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Getting the right support is a minefield - Carers UK Forum

Getting the right support is a minefield

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My dad will soon be 86 & while his mobility has deteriorated over a number of years, in the last year or so this has been accompanied by short term memory loss which can be random & unpredictable.

He recently got back home after a fall and a month's stay in hospital. Thankfully he had a care assessment & now has carers twice a day & will also get a cognitive assessment shortly. My dad lives alone in sheltered housing where there is a part time warden.

Having read a number of posts I think my dad is lucky but I'm his only child, live 120 miles away & work full-time. His remaining network living locally is not fit or able to be a first responder in the event of his community alarm being activated & I'm being told I live too far away.

I've been visiting weekly, sometimes more, since he got home from hospital & do his shopping, cleaning & deal with admin & banking. I speak to him everyday.

I'm finding the whole thing a complete minefield & struggling to find information to come up with a solution to deal with these ad-hoc situations that are not emergencies but where there is an expectation that someone physically checks on my dad. My concern is that the sheltered housing provider will say he needs to find somewhere else to live if he doesn't have a closer contact.

It's been suggested by an Occupational health therapist that I should move my dad to be closer to me & while that might make my life easier & I could see my dad more regularly, my house is not suitable for my dad's needs & giving up my job or going part-time is not an option. My employer has been very understanding with last minute time off but I can't expect to continue doing that. My dad knows no one here & I'm not convinced it would be in his best interests to move from the place he's lived all his life. I don't think he'd agree to move.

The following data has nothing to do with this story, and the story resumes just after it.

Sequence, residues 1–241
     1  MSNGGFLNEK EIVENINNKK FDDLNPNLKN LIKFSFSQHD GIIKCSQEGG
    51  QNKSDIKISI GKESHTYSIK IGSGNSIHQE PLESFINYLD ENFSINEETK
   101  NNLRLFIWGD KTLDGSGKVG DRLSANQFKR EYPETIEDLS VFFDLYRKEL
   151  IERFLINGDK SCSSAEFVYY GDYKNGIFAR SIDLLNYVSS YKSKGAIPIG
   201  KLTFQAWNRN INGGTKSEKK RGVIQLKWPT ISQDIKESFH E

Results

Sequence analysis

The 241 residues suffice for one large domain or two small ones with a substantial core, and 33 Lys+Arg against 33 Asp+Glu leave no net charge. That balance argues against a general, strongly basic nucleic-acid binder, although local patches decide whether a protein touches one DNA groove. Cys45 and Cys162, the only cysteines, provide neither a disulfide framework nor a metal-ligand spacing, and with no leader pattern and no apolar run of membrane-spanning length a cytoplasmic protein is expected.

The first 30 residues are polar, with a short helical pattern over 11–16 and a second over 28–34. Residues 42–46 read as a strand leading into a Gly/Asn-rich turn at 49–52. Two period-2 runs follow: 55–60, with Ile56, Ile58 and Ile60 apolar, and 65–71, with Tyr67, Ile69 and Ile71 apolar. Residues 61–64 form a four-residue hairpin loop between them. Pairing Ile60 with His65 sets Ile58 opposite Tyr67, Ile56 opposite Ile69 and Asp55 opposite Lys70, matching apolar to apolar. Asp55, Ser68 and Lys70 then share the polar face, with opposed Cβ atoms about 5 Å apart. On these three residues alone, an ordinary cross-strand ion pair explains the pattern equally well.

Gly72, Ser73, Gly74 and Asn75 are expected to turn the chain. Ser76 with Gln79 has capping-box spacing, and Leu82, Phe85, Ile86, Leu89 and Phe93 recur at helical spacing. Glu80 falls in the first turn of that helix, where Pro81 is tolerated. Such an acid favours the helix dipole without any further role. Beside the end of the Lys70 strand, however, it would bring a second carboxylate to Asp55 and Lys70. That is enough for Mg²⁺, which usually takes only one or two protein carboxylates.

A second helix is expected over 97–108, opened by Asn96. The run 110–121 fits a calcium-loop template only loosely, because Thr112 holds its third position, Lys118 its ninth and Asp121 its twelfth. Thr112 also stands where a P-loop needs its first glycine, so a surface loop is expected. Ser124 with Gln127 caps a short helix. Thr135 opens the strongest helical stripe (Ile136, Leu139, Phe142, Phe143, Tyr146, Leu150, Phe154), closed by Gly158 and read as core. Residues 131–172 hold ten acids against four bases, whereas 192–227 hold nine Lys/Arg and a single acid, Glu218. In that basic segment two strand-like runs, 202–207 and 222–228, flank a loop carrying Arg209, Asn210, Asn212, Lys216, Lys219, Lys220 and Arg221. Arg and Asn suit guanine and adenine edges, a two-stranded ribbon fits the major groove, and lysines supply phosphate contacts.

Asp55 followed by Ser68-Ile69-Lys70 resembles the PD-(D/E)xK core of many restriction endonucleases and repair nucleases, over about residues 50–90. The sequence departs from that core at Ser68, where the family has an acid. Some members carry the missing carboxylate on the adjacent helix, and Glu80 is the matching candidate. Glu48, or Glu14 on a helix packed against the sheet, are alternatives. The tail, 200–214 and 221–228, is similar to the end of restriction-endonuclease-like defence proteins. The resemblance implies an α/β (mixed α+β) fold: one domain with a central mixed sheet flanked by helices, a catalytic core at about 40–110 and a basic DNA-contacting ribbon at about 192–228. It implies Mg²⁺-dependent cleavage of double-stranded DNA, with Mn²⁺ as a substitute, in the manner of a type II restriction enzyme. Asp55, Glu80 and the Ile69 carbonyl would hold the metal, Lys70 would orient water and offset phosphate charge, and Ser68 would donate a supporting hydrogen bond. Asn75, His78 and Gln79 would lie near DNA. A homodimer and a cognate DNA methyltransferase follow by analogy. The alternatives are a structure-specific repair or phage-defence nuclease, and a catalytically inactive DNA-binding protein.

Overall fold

Am I being selfish here? I feel so guilty about my dad, my job, friends I'm cancelling at the last minute. I just want to get the right support around my dad - & happy to pay for it within reason - but it's so difficult to know where to go. I feel like I'm run ragged. I'm sure my dad is not the first person in this situation where their local network is limited & family lives a good distance away, surely there must be a solution?

Apologies for the long-winded rant, I'm just so frustrated & sad about the situation.
Hi Els30, and welcome to the forum.

Up until 15 months ago, my Mum was in sheltered accommodation but had been spending months at a time in hospital. During her last major spell in hospital, it had become clear she could no longer manage alone and was having spells of delirium, during which she often had falls, among other things. Her discharge from hospital that time was into a care home. After I'd made it clear that there was no way I would be taking on Mum's care myself. Anyway, the point was that I had a choice and exercised it.

You have a legal right to refuse care: you can choose your own life. Depending on your Dad's needs there are other options available. All will cause some disruption to his life, which may add to any confusion he might have, but there are times when that's inevitable, I'm afraid.

What you really need is more detailed advice: the Carers UK Helpline may well be able to help with that - the Helpline is open from Monday to Friday between 9am and 6pm - 0808 808 7777, or you can email the Helpline on advice@carers.uk
Thank you for your kind reply Charles_2112.